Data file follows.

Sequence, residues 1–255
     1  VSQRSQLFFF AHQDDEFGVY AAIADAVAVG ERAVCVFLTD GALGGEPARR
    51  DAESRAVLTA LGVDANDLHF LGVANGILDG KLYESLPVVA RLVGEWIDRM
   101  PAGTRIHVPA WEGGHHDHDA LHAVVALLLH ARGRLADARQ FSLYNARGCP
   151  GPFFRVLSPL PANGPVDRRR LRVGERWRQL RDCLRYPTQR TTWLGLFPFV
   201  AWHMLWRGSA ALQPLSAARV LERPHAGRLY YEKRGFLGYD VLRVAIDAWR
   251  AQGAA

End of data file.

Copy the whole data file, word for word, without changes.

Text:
Sequence, residues 1–255
     1  VSQRSQLFFF AHQDDEFGVY AAIADAVAVG ERAVCVFLTD GALGGEPARR
    51  DAESRAVLTA LGVDANDLHF LGVANGILDG KLYESLPVVA RLVGEWIDRM
   101  PAGTRIHVPA WEGGHHDHDA LHAVVALLLH ARGRLADARQ FSLYNARGCP
   151  GPFFRVLSPL PANGPVDRRR LRVGERWRQL RDCLRYPTQR TTWLGLFPFV
   201  AWHMLWRGSA ALQPLSAARV LERPHAGRLY YEKRGFLGYD VLRVAIDAWR
   251  AQGAA